Op-Ed

Floridians can help put a stop to denying ex-felons the right to vote

An ex- felon in Florida who had his right to vote restored before the 2000 election was wrongly purged from the voter rolls.
An ex- felon in Florida who had his right to vote restored before the 2000 election was wrongly purged from the voter rolls. Herald file

Can Florida claim to be a democracy when one out of every 10 of adult citizens in the state are denied the right to vote because some time in their lives they were convicted of a felony? And 75 percent of those people are out of prison and otherwise living as free members of the community?

Florida is one of a handful of states that impose a lifetime voting ban on convicted felons. Their right to vote can only be restored on a case-by-case basis with the approval of the governor and two members of the Board of Executive Clemency — the cabinet — on a petition filed five years after release from prison. Since Scott’s election in 2010, only 2,487 petitions have been granted. Only a few other states come even close to disenfranchising so many ex-felons.

If there is any doubt of the reasons behind these numbers, which have been compiled by the nonpartisan Sentencing Project, be aware that the overwhelming number of the disfranchised are African American. Indeed, more than one in five black Floridians is affected. And if anyone thinks this is unrelated to demography, know that there are two states that allow convicted felons to vote even while they are in prison — the very white Maine and Vermont. Most other states restore voting rights immediately after release from prison or after parole and/or probation is completed.

The denial of voting rights to racial minorities would seem to violate the 15th Amendment, which prohibits disfranchising former slaves, and the 14th Amendment’s guarantee of equal protection of the law to all people.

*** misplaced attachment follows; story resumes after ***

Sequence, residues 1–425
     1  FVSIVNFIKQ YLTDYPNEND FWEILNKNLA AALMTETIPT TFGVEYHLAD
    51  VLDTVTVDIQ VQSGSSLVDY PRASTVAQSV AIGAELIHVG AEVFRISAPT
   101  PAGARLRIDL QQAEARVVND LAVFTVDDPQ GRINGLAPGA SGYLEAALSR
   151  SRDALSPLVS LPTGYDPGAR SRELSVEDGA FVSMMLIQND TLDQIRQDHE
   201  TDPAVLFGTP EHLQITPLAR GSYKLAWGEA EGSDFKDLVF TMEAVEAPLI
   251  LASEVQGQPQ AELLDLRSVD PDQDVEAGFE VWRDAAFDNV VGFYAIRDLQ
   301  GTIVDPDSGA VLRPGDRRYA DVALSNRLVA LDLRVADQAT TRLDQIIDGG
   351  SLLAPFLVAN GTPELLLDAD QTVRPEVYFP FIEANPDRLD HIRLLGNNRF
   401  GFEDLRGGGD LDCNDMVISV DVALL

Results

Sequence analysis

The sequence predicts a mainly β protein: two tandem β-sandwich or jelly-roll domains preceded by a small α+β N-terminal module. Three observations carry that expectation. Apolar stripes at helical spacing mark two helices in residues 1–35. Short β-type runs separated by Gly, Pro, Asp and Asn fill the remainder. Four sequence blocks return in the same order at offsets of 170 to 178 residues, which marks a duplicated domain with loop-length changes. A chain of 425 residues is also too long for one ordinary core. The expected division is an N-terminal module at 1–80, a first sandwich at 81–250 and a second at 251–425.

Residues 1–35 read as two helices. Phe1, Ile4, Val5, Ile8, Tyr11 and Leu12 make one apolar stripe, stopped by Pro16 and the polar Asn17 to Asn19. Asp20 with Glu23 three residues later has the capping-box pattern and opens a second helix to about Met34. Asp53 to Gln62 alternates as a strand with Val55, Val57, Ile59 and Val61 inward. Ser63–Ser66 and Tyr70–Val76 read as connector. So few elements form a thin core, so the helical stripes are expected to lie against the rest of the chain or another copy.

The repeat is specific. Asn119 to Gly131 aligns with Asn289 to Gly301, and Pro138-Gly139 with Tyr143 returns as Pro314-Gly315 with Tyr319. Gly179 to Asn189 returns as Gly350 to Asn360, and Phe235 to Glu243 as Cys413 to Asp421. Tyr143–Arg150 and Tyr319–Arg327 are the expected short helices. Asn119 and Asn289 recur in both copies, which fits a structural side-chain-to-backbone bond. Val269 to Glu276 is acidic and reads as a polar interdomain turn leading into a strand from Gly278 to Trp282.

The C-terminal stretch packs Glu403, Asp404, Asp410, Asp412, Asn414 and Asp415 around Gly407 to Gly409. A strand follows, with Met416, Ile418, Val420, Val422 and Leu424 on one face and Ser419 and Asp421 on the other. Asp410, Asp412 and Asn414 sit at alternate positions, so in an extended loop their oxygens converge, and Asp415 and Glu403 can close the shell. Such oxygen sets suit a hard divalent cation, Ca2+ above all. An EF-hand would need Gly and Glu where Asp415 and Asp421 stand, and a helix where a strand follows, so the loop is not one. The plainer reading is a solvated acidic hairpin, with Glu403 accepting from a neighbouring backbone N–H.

Indeed, the authors of the 14h Amendment sought to put some teeth in it by providing in Section 2 that the former slave states would have their congressional representation reduced if they denied voting rights to otherwise eligible inhabitants for any reason other than “participation in rebellion or other crime.”

But the fact is that the loss-of-representation provision was never enforced despite a century of almost total exclusion of blacks from the ballot box by the former Confederate states.

Prior to the passage of the Voting Rights Act more than a hundred years after the Civil War, Southern whites were able to dominate the U.S. House of Representatives in the absence of any retaliation for black disfranchisement under Section 2.

Then in 1972, the U.S. Supreme Court found a use for Section 2. In an opinion written by William Rehnquist, the majority held that Section 2 allowed the states to deny voting rights to any person convicted of a “crime.”

The Rehnquist opinion had thus turned Section 2 on its head. A provision intended to protect the voting rights of freed slaves was transformed into an authorization for the former slave states to continue to disenfranchise them and their descendants by arresting and convicting them, which they did in a hurry. Undisputed evidence shows that African Americans are arrested and convicted of crimes greatly disproportionate to whites who commit the same offenses.

The clear impact is felt not only by the individuals who are denied the right to be first-class citizens eligible to take part in the political process, but on the entire African-American community, which has its voting power greatly diminished.

Floridians may have an opportunity to change all that. There is currently circulating a petition to place on the ballot a referendum to re-enfranchise ex-felons other than murderers or sex-offenders.

The petition is under review by the Florida Supreme Court to determine if the language complies with rules governing referenda.

Frank Askin is distinguished professor emeritus of Rutgers School of Law in Newark, N.J., and general counsel emeritus of the American Civil Liberties Union.

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